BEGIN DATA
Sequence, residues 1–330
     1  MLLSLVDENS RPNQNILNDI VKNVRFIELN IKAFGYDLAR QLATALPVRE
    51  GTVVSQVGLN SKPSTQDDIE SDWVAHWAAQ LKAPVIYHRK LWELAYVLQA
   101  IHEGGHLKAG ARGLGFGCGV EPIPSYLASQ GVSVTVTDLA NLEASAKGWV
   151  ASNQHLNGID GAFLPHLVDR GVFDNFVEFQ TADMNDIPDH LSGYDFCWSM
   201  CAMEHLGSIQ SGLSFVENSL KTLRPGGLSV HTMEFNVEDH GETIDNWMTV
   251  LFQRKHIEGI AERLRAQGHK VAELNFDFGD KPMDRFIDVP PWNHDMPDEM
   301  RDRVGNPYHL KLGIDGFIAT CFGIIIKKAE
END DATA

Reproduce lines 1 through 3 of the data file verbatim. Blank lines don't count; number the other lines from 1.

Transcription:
Sequence, residues 1–330
     1  MLLSLVDENS RPNQNILNDI VKNVRFIELN IKAFGYDLAR QLATALPVRE
    51  GTVVSQVGLN SKPSTQDDIE SDWVAHWAAQ LKAPVIYHRK LWELAYVLQA